It has been quite a while since I last posted here, but that doesn’t mean I haven’t been reading. You know how sometimes life just catches up to you and then starts going at a pace faster than a snowball down a steep snow slope? Well, that’s the perfect analogy for me for these past few months. But, whoa, hold on, it’s summertime and the snow is now melting. I think the snowball has stopped rolling for now.  Enough of that, and on to books!

So, I have always been a huge fan of historical fiction, but it has to be done right to have the dual approach of entertainment and educational insight. That’s why I really enjoy reading the fiction of Sandra Dallas. She has done her research and I trust her writing to portray events and emotions that closely resemble that past. Dallas also had a career in journalism and reporting with awards and accolades to boot.

The Quilt That Walked To Golden

by Sandra Dallas

Dallas’ nonfiction is also inspiring.

  • The Quilt That Walked to Golden: This is a fantastic portrayal of the westward migration and the effects that travel had on women and their work. While learning about the historic quilts and patterns, as well as purposes, and the art of creating quilts, the reader also learns how women survived the many miles across the prairies and plains and endured some of the hardest travel to date.
  • Colorado Ghost Towns and Mining Camps: For anyone interested in CO history and the rich tales of gold and silver mining, this book is a record of most (probably all?) of the historical mining camps and ghost towns in CO. The book is also filled with photography by Dallas’ daughter who is a professional photographer. Of all the ghost towns I knew of by name, I was able to find a record in this book, including about Manhattan, in Larimer County, CO. This one has only a faint trace of physical presence remaining and not a lot has been recorded.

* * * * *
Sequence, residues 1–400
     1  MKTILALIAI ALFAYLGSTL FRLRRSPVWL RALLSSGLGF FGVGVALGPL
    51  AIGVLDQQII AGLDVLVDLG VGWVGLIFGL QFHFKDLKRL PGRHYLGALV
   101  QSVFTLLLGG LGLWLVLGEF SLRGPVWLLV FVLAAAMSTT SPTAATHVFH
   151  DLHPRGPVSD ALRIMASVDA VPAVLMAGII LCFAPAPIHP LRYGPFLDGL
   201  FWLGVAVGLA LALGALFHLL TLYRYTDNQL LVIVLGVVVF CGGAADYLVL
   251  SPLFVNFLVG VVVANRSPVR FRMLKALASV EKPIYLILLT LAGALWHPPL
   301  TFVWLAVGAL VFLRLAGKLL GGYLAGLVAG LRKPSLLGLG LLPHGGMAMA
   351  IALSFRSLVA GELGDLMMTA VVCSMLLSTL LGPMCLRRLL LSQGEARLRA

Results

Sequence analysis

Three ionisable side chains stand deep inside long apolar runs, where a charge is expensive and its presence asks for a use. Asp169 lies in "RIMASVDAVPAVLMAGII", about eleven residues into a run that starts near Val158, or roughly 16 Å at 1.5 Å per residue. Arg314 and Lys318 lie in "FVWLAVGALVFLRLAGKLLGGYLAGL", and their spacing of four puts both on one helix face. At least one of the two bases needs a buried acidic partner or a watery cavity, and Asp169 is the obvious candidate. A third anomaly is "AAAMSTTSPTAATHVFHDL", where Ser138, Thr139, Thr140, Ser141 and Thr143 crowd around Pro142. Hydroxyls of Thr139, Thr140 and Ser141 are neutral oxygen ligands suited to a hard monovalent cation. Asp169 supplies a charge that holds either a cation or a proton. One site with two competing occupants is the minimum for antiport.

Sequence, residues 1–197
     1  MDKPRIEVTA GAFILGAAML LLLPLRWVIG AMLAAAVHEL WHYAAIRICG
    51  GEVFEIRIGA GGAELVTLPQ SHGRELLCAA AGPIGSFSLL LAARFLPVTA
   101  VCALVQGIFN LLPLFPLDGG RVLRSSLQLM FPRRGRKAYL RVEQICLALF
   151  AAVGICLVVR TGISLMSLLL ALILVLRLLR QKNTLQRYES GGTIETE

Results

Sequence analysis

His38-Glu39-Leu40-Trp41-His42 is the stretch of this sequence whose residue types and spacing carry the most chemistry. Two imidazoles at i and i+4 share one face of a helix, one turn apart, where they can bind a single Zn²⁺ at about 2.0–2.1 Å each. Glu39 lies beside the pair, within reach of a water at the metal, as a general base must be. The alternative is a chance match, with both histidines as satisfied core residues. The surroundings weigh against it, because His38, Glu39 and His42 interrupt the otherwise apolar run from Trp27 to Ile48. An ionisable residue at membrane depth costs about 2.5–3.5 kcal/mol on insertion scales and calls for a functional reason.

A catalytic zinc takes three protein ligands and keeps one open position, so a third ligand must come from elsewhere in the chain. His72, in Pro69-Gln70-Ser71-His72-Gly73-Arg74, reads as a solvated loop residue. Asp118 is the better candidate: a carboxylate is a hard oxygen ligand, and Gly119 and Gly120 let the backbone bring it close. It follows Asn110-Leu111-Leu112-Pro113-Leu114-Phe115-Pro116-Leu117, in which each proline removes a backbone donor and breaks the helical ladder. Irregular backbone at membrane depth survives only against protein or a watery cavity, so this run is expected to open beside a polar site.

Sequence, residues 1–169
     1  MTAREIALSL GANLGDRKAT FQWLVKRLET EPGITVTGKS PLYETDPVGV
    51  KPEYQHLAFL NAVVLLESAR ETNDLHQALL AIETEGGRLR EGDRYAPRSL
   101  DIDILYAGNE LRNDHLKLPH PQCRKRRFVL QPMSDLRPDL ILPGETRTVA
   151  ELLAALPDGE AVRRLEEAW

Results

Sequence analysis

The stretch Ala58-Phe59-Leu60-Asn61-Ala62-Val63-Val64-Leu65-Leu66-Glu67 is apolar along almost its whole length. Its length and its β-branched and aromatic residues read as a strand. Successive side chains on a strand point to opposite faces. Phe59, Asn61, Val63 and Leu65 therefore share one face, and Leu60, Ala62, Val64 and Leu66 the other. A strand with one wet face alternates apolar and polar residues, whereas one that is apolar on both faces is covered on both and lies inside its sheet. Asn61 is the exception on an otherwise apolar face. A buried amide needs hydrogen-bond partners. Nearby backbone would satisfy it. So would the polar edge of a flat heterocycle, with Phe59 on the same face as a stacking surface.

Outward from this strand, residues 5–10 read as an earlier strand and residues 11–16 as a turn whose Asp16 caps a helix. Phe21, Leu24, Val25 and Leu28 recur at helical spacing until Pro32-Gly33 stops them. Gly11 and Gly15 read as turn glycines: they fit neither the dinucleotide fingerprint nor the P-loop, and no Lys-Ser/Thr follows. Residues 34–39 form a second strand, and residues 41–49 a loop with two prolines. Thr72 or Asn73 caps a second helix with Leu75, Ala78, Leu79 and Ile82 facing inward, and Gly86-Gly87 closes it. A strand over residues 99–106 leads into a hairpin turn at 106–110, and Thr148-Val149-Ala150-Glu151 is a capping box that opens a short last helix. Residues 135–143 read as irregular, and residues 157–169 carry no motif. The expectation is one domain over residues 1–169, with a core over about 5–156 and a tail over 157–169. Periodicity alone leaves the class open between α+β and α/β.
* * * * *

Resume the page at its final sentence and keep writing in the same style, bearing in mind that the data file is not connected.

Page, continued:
Of  Dallas’ historical fiction, I chain-read the following:

  • Tallgrass: This was my first Sandra Dallas read, actually. I’m glad I started with this one, as she hooked me into reading her other titles. I loved her style in this book. If you enjoyed this book, you would enjoy The Emperor Was Divine by Julie Otsuka and also Teresa Funke’s books, Dancing in Combat Boots and Remember Wake.
  • New Mercies: This was the 3rd book I read by Dallas and it was an interesting turn from the first two. Set further forward in time in the 1920’s, Dallas blended the story of a young woman with a painful secret escaping her life in Denver, Colorado to discover new angles of her own life and family in Natchez, Mississippi.
  • The Chili Queen: This was the 2nd book I read and I really enjoyed this. Set in a NM brothel with some great twists and turns, I was reminded of the HBO series Deadwood, when reading this. I could see The Chili Queen becoming a trilogy or turned into a movie.
  • Alice’s Tulips: This was the 5th book I read, and I cried at the end! (I really do enjoy books that make me cry – it shows that the author touched a deeper emotional level). I love how Dallas can take the historical setting and bring it to life with real emotions and a connection to our own lives. Written in the form of letters to her sister, Alice is the star of the book, along with her quilts, hard-working style, her mother-in-law and her darling Charlie, as well as some lovely yellow tulips.
  • The Diary of Mattie Spencer: This was the 4th book I read and I loved how it was written in the form of a journal or diary. I really felt as if I was reading someone’s personal diary, while combing through the stacks at the Denver Historical Society Library. Again, filled with accurate historical representation of moving from the midwest to the plains of CO, complete with tornadoes, snakes and drought, Mattie Spencer prevailed in the end.

I still plan to read the following titles this summer, all by Sandra Dallas:

  • Buster’s Midnight Café
  • The Persian Pickle Club
  • Whiter Than Snow
  • Prayers for Sale

Sandra Dallas has a superb way of presenting twists and turns and spinning mysteries into her historical fiction, while also keeping with the theme of quilting and women’s work during the pioneer years. Keep alert when reading and you’ll pick up on interesting character nuances and find the common threads in your own lives.

Happy Reading!